It's where the process led them. Ballard kept his preference – Richardson – close to the vest, informing only a select few within the organization. It wasn't because he was worried about information leaking – "I have a great deal of trust of our internally of our people," Ballard said – but it was because he knew he had to be right about this.

And if he was wrong, someone had to tell him without knowing who he leaned toward.

"You don't want to tell the whole group what we're thinking – and it's not we're worried something is going to get out of the building," Dodds said. "It was just keep working through all the other players, all the other scenarios and speak up if you feel there is a better option or you feel strongly about going another direction."

Collectively, though, everything pointed toward Richardson.

"Some of the --- he can do, very few people on Earth can do," offensive coordinator Jim Bob Cooter said in the Colts' draft room, via a clip exclusive to Colts productions.

"I see a generational talent, something that may not come along every 50 years," Brown told Colts Productions after Richardson's pro day. "... This guy has stuff at the floor level that people's ceilings will never reach."

But, early in the spring, the process wasn't over yet.

"It wasn't like we knew the whole time," Brown said after the draft. "We knew he had talent, but then it's like, what are we looking for? What are we trying to do? What do we want our quarterback to be for the Colts as opposed to what everybody else wants?"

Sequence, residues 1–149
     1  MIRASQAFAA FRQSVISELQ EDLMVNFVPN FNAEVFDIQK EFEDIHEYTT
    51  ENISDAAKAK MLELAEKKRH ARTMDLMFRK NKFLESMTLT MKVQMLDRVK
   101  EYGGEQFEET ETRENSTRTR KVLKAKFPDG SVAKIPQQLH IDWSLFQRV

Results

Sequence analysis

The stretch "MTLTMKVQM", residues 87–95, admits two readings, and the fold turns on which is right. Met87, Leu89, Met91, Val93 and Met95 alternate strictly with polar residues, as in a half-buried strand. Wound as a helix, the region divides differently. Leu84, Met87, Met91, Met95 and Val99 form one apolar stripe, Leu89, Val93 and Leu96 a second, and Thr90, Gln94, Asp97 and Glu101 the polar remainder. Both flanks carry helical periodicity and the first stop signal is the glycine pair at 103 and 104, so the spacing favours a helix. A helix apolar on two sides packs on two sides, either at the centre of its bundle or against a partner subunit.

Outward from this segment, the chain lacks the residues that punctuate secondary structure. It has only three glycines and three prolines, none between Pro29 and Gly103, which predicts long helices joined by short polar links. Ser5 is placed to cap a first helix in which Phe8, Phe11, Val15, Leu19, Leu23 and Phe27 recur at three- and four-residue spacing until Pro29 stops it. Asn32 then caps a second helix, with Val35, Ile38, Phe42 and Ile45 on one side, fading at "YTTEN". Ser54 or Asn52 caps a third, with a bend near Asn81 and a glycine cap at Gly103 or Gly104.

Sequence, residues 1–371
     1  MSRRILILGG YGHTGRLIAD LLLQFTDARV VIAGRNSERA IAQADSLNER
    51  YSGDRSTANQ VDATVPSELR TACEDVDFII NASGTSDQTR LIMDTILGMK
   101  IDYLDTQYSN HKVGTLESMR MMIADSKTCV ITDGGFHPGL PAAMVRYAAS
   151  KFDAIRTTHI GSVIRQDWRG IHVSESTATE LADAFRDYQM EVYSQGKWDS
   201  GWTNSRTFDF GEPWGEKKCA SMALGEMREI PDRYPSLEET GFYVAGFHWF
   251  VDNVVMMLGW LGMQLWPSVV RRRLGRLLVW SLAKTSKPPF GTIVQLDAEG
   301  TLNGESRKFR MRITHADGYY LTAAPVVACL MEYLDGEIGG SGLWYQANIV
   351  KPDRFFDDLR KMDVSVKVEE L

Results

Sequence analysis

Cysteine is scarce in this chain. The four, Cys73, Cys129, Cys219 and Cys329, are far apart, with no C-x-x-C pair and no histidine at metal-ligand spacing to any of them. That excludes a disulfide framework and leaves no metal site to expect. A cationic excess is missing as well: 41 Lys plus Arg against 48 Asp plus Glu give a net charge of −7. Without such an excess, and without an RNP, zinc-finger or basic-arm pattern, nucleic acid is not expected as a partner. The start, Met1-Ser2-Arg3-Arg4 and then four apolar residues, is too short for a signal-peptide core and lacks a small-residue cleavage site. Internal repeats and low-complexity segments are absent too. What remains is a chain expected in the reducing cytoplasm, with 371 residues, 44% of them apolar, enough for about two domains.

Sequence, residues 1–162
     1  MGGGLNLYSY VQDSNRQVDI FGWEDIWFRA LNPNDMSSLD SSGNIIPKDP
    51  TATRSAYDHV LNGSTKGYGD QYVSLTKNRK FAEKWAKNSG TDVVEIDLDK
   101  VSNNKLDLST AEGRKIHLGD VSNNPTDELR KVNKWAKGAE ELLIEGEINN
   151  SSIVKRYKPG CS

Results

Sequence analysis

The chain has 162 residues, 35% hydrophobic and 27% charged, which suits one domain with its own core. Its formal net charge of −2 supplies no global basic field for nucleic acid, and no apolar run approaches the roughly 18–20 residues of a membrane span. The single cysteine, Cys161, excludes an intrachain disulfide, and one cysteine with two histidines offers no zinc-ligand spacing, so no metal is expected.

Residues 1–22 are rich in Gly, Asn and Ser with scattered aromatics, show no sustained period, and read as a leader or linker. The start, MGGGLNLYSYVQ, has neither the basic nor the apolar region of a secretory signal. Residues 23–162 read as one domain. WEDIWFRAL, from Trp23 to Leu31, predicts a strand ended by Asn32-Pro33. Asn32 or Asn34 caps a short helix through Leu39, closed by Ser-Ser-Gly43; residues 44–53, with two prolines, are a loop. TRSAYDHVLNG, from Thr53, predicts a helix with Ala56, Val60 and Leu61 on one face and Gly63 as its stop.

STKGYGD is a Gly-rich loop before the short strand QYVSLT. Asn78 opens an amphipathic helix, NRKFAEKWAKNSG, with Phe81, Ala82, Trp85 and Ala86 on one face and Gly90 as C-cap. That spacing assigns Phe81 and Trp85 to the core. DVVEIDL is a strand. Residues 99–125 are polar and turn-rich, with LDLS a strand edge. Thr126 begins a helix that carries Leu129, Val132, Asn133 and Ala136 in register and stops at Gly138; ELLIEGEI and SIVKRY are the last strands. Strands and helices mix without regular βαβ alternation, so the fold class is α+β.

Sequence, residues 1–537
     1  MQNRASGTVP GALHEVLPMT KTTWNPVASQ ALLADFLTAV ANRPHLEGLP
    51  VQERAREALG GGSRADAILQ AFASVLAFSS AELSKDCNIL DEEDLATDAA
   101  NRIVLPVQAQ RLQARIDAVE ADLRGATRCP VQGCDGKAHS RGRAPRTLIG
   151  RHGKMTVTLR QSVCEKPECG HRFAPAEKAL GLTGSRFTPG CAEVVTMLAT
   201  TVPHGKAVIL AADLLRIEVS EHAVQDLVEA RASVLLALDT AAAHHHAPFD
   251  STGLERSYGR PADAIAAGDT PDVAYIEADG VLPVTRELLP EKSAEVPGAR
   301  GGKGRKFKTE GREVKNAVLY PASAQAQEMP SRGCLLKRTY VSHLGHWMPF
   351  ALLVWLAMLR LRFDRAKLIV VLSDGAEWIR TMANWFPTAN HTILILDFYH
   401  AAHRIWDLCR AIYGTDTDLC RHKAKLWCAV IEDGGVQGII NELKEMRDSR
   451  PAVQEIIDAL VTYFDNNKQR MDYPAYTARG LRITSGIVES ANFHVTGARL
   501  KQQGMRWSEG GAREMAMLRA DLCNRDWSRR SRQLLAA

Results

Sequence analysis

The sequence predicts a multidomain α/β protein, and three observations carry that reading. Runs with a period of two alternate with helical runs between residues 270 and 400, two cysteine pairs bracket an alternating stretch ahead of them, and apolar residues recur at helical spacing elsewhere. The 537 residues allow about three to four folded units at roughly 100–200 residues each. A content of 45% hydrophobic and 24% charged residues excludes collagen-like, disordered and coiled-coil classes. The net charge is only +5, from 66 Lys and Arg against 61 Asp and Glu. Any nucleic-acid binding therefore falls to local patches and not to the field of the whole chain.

It was when the Colts got to know Richardson as a person that they became sold: This is our guy.

Steichen tuned in to Richardson's press conference on Friday and watched as Colts fans got their first glimpse at what he and the team's decision-makers already knew.

"The humility he had and the excitement he had, that's what you want in people," Steichen said. "I talked about it the other day, the character part of it. This guy is a good dude and when you're a good dude and have humility like that, I think you can become a really special player in this league."

Who wouldn't want to pre-order a "RICHARDSON 5" jersey after this?

Richardson is 20 years old – "can't even drink a beer yet," Steichen quipped – making him one of the youngest quarterbacks drafted in recent memory.* But ask anyone with the Colts who spent time with him in the pre-draft process, and you'll hear things like:

"We talk about the age but in my interactions, he's come across as pretty level-headed and mature for his age." - Jamie Moore

"Genuine person, he's authentic. I think he's a kind-spirited human being first and foremost." - Morocco Brown

"Every time I spent time around him, you just like him. He's just a good guy." - Ed Dodds

"He's a very smart young man. Good kid. He works." - Chris Ballard

"Special. Sparkle in his eye. His energy — i've seen a lot of young guys come into this league and I tell you, that young man has something special in his heart and spirit and soul. I know he wants to be great." - Jim Irsay

The importance behind these assessments is critical to Richardson's development. He has the humility to know he needs to be coached. He has the maturity to handle the challenges he'll face as he grows into being an NFL quarterback. And he has the assured confidence to navigate the ups and downs that come with being a greenhorn pro quarterback facing NFL defenses for the first time.

"It's hard being a rookie quarterback," Irsay, who saw Peyton Manning lead the league in interceptions as a rookie in 1998, said.

The Colts tested Richardson during a private workout in Gainesville earlier this spring, with Steichen conducting demanding drills Richardson felt were "different" than he went through with other teams. That was the point: The Colts wanted to see how he responded to the kind of coaching he'll need in the NFL.